Boston Private is pleased to announce a partnership with Doug Fisher, a Washington Policy expert, who will offer a series of insights into a number of reform proposals making their way through Congress in 2019. Doug is Director of Retirement Policy at the American Retirement Association. In this role, Doug works with the ARA membership to protect, advise and grow their businesses through ideation and advocacy in the benefits area. Before joining ARA, Doug led Fidelity's legislative policy and thought leadership development teams involving retirement, health and welfare benefit plans. Doug has advised many Fortune 1,000 companies on the impact of legislation and regulation on the design and delivery of benefits. Before joining Fidelity, Doug served as tax counsel to the U.S. Senate Finance Committee and was involved in writing the pension, health and insurance provisions of the Small Business Job Protection Act of 1996; the Balanced Budget Act of 1997, including the Roth IRA, Simple retirement plan, medical savings account (predecessor to the health savings account); and the Health Insurance Portability and Accountability Act of 1996 (HIPAA).
Rules & Regulations
This chapter compiles resources to help keep you and your staff knowledgeable about the latest tax law changes and updates and how they may impact your business.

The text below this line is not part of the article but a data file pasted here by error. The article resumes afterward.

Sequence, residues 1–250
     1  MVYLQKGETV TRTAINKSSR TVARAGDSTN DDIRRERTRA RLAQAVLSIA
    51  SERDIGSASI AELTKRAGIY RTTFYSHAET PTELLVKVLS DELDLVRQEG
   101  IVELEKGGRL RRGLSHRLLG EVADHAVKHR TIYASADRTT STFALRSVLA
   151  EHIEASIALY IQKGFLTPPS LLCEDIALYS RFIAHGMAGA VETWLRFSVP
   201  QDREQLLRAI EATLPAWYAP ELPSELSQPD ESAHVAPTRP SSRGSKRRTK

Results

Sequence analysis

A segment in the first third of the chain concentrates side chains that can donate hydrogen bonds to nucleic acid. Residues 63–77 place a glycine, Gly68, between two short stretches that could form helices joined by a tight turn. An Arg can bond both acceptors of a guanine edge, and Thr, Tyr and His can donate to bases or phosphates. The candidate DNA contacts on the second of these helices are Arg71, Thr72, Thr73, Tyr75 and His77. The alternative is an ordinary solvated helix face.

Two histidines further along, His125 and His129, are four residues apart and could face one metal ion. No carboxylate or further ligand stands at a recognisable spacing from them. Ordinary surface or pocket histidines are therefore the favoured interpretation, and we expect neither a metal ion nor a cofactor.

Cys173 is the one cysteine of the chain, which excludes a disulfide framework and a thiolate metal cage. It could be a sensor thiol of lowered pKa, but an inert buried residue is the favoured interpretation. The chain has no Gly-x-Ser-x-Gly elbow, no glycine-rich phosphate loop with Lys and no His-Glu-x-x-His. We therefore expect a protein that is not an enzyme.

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The opinions expressed and information contained in any article published in the Vault are given in good faith and considered reliable. However, such opinions and information are subject to change without notice and are provided only as of the date issued. Neither Boston Private nor its affiliates warrant the completeness or accuracy of such information. Any third-party opinion is solely the opinion of its author and does not necessarily reflect the opinion of Boston Private or its affiliates. The materials on this website are for informational purposes only and do not take into account your particular investment objective, financial situation or need. Since each client’s situation is unique, you should consult your financial advisor and/or tax planning professional before acting on any information provided herein.